Cassandra Rose Clarke’s latest novel, Our Lady of the Ice, explores a unique setting: a domed city perpetually bathed in artificial light and whose inhabitants never see the sun, moon, or stars. Human dramas, both large and small, play out against a crumbling infrastructure and swells of rebellion and terrorism. While not as tightly focused or briskly plotted as I would like, it’s an entertaining and imaginative read, especially for mystery readers who bemoan the lack of female characters in traditional noir.
Hope City, Antarctica. Eliana Gomez is a private investigator who focuses mainly on domestic cases like missing children or unfaithful spouses, advertising that “Discretion is my specialty.” One day, a stunningly gorgeous blonde walks into Eliana’s office with a simple request — recover some missing documents, which Eliana is not to look at under any circumstances. The documents themselves are relatively easy to recover, but taking the case exposes Eliana to conspiracies which affect every citizen of Hope City and, potentially, the entire world. The blonde, Lady Marianella Luna, is an Argentine aristocrat linked to city councilmen, former employees of the Hope City amusement park, and Ignacio Cabrera, who smuggles goods from South America and elsewhere. Cabrera pulls the strings in Hope City, some of which are connected to Eliana’s boyfriend, Diego Amitrano, his bodyguard and occasional thug. Other strings are connected to Sofia, an android who has secretly grown and evolved beyond her programming as a dancer and “comfort girl” for discerning patrons of Hope City’s now-defunct amusement park of the same name.
The popularity of rock groups like the Beatles and the Rolling Stones place Our Lady of the Ice in the 1960s; there aren’t many fashion-related hints beyond bouffants and cigarette pants, but color televisions are available, and Clarke does mention that the Hope City park opened in the 1890s and closed in the 1940s. I found it interesting that most people in Hope City speak Antarctican Spanish, while mainlanders speak Castilian, which is often regarded as “lisping” or “slushy.” The titular Our Lady of the Ice is a Madonna, dressed in furs and haloed by the sun, who protects supplicants from cold and darkness. Small details like these help to cement the novel in its own time and place, and create a sense of realism alongside steam-powered drones and the evolution of artificial intelligences.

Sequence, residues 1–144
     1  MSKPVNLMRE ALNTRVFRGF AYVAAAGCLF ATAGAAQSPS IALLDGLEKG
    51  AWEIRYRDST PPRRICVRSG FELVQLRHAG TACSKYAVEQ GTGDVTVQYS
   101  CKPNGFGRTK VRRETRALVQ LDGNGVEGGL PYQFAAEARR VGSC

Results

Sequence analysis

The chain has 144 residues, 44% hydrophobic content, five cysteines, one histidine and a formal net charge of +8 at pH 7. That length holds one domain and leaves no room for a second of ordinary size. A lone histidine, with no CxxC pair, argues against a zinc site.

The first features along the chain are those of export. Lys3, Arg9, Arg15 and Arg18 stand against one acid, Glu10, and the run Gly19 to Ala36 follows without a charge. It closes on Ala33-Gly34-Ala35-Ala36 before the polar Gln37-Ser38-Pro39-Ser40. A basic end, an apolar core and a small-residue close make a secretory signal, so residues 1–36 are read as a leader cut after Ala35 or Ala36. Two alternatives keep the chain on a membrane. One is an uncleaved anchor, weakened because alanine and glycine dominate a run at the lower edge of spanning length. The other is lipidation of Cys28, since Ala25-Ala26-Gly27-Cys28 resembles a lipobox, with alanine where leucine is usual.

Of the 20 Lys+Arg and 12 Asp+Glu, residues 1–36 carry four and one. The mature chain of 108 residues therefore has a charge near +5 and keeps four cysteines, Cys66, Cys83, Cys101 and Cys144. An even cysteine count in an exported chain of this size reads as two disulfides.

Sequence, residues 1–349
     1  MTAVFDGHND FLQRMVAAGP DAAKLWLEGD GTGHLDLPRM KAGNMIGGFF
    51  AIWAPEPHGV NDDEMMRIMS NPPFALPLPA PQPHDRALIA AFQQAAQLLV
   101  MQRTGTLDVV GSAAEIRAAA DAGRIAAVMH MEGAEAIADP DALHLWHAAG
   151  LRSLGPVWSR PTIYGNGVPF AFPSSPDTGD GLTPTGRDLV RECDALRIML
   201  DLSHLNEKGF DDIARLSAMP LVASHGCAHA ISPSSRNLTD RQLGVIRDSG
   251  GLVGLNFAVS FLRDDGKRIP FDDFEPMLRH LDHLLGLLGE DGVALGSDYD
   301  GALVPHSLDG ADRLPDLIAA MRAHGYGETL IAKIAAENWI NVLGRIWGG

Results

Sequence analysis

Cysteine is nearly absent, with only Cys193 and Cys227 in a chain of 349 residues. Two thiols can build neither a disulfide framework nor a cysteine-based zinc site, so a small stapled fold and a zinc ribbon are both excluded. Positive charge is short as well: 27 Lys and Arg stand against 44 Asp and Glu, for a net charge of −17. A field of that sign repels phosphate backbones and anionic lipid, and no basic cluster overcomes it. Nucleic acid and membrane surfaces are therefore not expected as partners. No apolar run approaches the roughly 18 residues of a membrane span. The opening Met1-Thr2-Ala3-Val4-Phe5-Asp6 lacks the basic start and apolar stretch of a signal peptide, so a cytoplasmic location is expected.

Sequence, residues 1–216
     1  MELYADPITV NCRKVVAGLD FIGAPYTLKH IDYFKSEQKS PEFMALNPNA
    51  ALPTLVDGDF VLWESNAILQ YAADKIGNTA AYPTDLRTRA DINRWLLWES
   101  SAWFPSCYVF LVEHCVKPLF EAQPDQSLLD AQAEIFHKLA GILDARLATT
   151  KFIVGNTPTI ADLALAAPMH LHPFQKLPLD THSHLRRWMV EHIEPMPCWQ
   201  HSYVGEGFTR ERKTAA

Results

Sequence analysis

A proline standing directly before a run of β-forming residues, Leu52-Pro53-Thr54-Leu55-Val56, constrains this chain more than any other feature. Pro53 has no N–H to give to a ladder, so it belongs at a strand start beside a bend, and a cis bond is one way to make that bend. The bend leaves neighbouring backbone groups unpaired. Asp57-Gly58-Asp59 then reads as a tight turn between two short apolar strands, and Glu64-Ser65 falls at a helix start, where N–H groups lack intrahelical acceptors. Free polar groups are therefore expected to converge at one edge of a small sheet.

Characters are well-written, with credible motivations and dialogue. Sofia’s unmitigated hatred of humans is as thoroughly explored and understandable as Eliana’s bewilderment in the face of that hatred, Marianella’s need to be perceived as more than a beautiful socialite, and Diego’s conflicting loyalties to the man who saved him from a life on the streets and the woman who offers a promise of something better. Clarke makes the differences between humans and androids clear early on, when Sofia hacks into a city mainframe and downloads some files, a process which is linked to specific senses like taste, sound, and odor. The similarities between the two groups, especially when more is revealed about the changes the robots have been undergoing over time, and as Diego wages an internal rebellion against his own “programming” by Cabrera, blur those dividing lines in thought-provoking ways.